Um, i think you are overthinking this one!
I had a question about the negative effects of deer eating corn in Iowa. Whenever I see a deer, it's eating grasses, clover, etc, but DH is a hunter and tells me that in the fall months, deer eat corn that has not yet been harvested or has been spilled on the ground. I would imagine that at some point during the growing season they are also consuming corn.
Does this ruin the meat overall or is it still ok? Assuming the deer eats a diet of mostly grasses and leaves, my thoughts are that the corn will have a small effect, but my thoughts also go back to the age of the deer and the number of seasons it has been eating corn. Just curious what everyone else's thoughts are.
Um, i think you are overthinking this one!
Yep, I was told the same for Alberta, that elk and mousse are "grain-fed" since they graze at the wheat fields Honestly, though, it's not about perfect, it's about as best as you can... civilization is here, and it impacts everything. And if you have a hunter in the family, that's a cheaper meat anyway, no?
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it is. I just wanted to be reassured that it would be ok as our diet is relatively high in deer meat. It's hard to pass up when you can spend 50 cents on a shotgun shell, shoot it dead yourself and get it processed for $75. That's a freezer full of meat for $75.50!!
Thanks for the reassurance, Leida.
I am from North Louisiana and hunting is a big deal here.
All hunters feed dear prior to the season with corn,ricebran or wheat-shorts. Now how much of this effects the meat I am not sure . It does add fat to the deer but they are all so lean still when you get sausage made they have to add fat to it.
I don't hunt but I am lining up deer meat for myself. Hunters around here throw away the hearts n organs and do not keep the large bones(marrow) all they keep is the muscle so I will be taking all donations n may go hunting myself.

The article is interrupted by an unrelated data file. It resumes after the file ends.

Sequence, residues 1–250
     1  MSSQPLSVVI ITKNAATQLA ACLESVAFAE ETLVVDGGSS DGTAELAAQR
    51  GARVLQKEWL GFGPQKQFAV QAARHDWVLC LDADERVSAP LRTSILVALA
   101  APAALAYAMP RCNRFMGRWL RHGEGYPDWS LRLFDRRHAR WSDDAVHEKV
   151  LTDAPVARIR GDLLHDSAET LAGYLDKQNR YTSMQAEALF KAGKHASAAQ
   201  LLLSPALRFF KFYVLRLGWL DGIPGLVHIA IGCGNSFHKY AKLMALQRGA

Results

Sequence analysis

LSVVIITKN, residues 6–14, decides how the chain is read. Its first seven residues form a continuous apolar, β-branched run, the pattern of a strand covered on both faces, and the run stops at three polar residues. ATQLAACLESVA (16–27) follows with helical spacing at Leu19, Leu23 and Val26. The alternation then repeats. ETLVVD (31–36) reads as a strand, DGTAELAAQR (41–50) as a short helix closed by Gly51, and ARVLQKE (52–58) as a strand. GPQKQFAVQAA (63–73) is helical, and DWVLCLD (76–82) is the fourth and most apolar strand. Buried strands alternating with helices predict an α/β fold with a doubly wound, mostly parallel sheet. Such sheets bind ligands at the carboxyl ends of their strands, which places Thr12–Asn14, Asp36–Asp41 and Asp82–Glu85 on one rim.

Hogs are also in abundance in our woods.
When you go through Hunter Ed up here they tell you to field dress your deer before taking it to the locker. Field Dressing according to the Iowa DNR is removing all the internal organs b/c doing so cools the meat quickly so it doesn't spoil. Given that they don't tell you how to dress the organs, I would have no idea what to do to keep them. I'm not ready for internal organs yet... I'm still too young of a Grok to be that adventurous yet (and to think, I grew up on a farm and should have been exposed to this stuff as a kid, but given it was a feed lot, we didn't *need* the organs).
I suspect it does impact the O3:O6 ratio in the meat. However, venison contains very little omega fat overall, so I would not worry about the ratio being skewed a bit.
It is a great source of meat - so eat up!!
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It's not so much the grain that ruins beef, but all the hormones and antibiotics that go into their feed. Grass fed beef should be free of most of that. If they just fed cows pure grain and let them run loose to nibble on grass and leaves, they'd be fine. But instead they pack them in high-density feed lots and give them a food mix that grows maximum fat in minimal time--way different than a deer eating corn from a cornfield!
while deer eat green wheat in winter they aren't eating the seeds. In general, though, whitetail deer don't eat grass except as a survival food. they are browsers and can even tolerate eating poison ivy (can be 10% of their diet).
A lot (most) hunters use corn feeders to draw deer to the hunter's blind. We've always don that. Now, I don't think it's a good idea for a paleo lifestyle. Feed deer corn is going to have the same affect as feeding cows corn. It's going to change their omega 6 to omega 3 ratios, not as much as a cow in a feedlot but it must have some affect on the deer's fats.
On eating organ meets. Go to Walmart (if you can't get grass feed) and buy a beef tongue and slow cook it in water as a starter. Seasoning isn't necessary. It may look gross but it taste good and is full of fats making it very tender. Peel the tough skin off after it's cooked. Or you can do like grok and eat it since it is full of collagen.
Would I be putting a grain-feed cow on a fad diet if I took it out of the feedlot and put it on pasture eating the grass nature intended?
Using feed, salt blocks and mineral blocks, etc to lure deer is illegal in Iowa. The DNR frowns highly upon it b/c it takes away from the sport of hunting and simply becomes harvesting. Some farmers, however, will "accidentally" spill some grain if he has a deer overpopulation problem to draw them in for the hunters to remove.